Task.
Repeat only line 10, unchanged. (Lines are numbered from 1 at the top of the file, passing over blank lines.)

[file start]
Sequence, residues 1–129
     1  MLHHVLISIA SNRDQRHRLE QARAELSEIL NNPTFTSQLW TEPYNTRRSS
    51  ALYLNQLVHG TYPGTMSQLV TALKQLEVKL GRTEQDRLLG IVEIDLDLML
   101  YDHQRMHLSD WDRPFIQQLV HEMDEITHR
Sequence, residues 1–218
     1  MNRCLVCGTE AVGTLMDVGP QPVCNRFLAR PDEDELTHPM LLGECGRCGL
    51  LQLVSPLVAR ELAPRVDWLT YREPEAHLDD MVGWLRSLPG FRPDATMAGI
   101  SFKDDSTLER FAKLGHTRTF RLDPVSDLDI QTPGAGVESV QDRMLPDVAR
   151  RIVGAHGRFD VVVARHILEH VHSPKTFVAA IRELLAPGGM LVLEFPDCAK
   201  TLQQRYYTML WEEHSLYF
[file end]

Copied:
   201  TLQQRYYTML WEEHSLYF